"When a women advances, no man is held back!"
"The woman´s fist is attentive against power!"
On Sunday December 2, 2007, around 11:45 or 12:00, I found myself walking along the streets of Jazmines in Colonia Reforma, where the store "Pitico" is located.
At that point, a braking car was heard and when I turned my face. I felt two people lift me up and fling me into a truck. Immediately after, they blindfolded my eyes with a rag that was covered with a liquid. They began to ask me questions referring to what I knew "of the leaders of the APPO. Tell me what you know of Flavio Sosa, Zenen, Erangelio, Patricia Jimeinez y David Venegas." I did not answer. They continued insisting and I did not answer. Later they grabbed me by the hair and squeezed my hands behind my back and they forced me to put my head between my knees. They pulled back my hair to push two pistols against my head. They asked me if I thought I was a bad-ass or what and I didn't answer. Immediately afterwards they began to say that I talk to my family, that everything was going to go to shit. In this moment I told them that everything they wanted was with me that they not touch my family. They responded that for this there was only one big-mouth. I heard one of them say, "Shoot her already so that we can dump her." I heard them cock the gun.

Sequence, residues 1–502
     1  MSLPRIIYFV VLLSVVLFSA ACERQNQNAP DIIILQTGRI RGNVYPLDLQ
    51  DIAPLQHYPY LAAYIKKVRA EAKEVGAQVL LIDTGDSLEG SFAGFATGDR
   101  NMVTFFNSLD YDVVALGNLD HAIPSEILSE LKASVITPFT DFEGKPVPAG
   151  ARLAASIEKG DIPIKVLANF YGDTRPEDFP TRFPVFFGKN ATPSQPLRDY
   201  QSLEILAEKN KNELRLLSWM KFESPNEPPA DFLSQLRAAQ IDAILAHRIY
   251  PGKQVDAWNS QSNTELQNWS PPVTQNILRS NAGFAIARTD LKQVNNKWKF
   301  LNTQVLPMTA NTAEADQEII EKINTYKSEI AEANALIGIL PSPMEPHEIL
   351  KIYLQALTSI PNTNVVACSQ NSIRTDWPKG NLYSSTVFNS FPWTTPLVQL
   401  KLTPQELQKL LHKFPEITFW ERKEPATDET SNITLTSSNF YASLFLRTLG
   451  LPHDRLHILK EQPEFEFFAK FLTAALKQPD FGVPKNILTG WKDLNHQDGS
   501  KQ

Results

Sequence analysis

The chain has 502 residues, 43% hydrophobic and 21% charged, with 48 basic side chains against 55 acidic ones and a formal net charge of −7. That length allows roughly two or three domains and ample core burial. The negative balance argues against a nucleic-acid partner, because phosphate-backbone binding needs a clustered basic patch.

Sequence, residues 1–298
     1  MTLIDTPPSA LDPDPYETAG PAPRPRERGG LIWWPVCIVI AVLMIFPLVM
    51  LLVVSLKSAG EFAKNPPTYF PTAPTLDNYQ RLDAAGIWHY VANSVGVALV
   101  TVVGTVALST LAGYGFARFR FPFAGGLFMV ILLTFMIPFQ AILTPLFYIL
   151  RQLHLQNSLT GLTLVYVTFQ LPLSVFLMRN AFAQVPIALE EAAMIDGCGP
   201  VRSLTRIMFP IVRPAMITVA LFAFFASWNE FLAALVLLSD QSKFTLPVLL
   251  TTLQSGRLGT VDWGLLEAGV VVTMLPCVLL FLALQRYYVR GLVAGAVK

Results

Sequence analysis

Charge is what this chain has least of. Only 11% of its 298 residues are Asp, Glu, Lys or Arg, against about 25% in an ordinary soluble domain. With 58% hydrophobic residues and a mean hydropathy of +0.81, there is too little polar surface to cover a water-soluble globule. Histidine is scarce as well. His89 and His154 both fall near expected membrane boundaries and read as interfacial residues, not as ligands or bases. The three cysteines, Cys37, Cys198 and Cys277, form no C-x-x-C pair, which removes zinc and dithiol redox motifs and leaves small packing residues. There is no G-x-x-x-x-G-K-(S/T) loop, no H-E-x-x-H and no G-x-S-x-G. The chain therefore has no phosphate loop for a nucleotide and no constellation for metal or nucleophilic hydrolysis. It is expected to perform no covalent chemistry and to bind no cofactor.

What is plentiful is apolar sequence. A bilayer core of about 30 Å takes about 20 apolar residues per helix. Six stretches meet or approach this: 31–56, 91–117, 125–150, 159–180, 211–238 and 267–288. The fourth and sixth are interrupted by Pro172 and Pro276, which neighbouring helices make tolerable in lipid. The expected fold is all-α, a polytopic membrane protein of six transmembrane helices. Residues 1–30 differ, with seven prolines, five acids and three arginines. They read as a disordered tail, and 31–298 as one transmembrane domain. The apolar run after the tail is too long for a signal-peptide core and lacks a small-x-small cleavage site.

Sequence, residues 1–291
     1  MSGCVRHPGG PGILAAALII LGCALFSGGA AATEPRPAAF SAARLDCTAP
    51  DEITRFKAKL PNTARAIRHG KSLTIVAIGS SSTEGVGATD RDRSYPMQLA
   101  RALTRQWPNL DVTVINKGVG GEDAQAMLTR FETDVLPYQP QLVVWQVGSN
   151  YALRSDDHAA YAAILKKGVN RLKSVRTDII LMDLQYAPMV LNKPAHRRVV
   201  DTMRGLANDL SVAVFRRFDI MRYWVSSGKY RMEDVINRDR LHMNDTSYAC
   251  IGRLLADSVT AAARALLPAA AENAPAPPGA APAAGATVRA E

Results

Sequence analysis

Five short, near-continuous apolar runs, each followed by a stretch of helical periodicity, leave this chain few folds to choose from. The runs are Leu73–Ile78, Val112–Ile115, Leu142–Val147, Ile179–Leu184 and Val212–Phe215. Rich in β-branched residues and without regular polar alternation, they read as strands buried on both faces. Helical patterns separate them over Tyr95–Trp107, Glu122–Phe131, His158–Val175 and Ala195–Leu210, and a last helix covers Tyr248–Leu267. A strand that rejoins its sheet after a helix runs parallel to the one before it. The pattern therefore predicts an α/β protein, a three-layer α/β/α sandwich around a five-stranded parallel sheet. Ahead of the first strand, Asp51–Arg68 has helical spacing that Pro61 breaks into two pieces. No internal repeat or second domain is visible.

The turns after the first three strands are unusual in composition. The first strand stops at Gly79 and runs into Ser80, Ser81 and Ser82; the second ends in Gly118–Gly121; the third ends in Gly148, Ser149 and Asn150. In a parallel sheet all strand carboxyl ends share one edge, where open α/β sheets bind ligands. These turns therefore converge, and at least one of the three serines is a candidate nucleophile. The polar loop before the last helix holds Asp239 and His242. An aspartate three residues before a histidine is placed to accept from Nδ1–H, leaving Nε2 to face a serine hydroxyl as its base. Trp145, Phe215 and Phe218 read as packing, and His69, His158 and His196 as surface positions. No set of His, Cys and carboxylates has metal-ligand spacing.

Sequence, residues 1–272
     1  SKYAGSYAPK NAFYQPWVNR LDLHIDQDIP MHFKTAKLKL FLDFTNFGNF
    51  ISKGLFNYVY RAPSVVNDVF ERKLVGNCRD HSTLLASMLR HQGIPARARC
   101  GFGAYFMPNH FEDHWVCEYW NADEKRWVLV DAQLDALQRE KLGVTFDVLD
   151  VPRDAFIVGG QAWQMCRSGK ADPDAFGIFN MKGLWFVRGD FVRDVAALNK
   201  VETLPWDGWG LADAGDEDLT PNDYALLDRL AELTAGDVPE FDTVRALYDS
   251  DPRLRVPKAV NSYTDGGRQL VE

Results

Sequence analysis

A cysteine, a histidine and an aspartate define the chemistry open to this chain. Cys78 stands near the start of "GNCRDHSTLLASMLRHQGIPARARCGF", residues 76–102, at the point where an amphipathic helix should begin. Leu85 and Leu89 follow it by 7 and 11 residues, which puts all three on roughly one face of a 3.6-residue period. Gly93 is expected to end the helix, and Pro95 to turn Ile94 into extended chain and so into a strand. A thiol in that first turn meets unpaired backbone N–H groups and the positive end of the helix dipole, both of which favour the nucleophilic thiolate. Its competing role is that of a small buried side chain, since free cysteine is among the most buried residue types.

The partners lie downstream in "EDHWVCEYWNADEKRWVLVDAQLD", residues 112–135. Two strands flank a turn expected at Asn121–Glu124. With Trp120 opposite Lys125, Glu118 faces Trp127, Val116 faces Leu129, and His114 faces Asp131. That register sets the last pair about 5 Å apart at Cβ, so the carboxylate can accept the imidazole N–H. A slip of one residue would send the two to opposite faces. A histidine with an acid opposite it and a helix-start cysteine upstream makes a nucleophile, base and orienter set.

I told them that if they shoot that they do it now because all of this is going to shit. They told me another time "You think you are a bad-ass or what?" When this was happening one guy began to touch me on the back. I got up and kicked him. They forced my arms back and punched me in the stomach. I don't know how long they had me, the truck was roaming about. When they decided that this was all, they told me that this is the first of many times they will wait for me because I know a lot of information, especially in respect to the APPO. They told me that they would wait for the moment to find me alone. At that point, they braked and said, "Stop your participation if you don't want this to happen to your brother or more than that. How you like to defend women, for the next time you are going to defend her with proof of rape." They grabbed me and shoved me out of the car and threw my cell phone at me. They left me behind the Hotel Fortin Plaza, where there is a vacant lot. When they kicked me out of the truck, I called a friend to tell her, but with the fear that they will harass my family. I though what will happen if I don't make a denunciation at the moment? Now I do it convinced that we cannot keep silent. Similar things have happened to many friends, and they did not want to denounce it to protect their families but enough already with the harassment. The repression must stop against us.
Nancy Mota Figueroa
founder and member of the commission of press and propaganda for the August 1 Coordinator of Oaxacan Women. Councilor with the APPO student sector.